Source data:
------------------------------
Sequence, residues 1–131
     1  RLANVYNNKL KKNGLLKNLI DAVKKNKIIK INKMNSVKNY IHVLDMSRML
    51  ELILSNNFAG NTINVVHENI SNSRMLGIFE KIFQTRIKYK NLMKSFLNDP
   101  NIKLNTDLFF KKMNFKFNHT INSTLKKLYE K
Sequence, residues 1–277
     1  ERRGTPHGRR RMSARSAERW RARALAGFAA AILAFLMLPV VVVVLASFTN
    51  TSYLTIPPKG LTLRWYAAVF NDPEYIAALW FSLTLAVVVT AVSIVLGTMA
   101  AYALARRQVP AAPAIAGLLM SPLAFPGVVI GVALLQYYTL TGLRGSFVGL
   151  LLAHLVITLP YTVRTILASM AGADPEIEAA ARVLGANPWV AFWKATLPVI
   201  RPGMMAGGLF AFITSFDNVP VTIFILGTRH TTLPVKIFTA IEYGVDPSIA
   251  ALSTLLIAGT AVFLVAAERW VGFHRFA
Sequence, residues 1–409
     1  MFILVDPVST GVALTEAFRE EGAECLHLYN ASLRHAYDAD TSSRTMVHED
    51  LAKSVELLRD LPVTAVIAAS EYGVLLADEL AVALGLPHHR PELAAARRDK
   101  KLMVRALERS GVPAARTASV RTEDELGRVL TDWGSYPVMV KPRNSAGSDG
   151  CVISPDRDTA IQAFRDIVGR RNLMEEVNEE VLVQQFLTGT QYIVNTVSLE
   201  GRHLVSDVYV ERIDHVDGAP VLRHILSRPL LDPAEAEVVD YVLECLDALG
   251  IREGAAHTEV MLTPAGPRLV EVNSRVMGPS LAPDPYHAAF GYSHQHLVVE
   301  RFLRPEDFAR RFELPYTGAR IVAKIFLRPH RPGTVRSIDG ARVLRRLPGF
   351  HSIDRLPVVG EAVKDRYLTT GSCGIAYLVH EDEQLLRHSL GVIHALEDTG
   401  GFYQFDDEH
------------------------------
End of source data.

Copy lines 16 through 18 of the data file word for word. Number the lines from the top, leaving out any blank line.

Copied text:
   151  CVISPDRDTA IQAFRDIVGR RNLMEEVNEE VLVQQFLTGT QYIVNTVSLE
   201  GRHLVSDVYV ERIDHVDGAP VLRHILSRPL LDPAEAEVVD YVLECLDALG
   251  IREGAAHTEV MLTPAGPRLV EVNSRVMGPS LAPDPYHAAF GYSHQHLVVE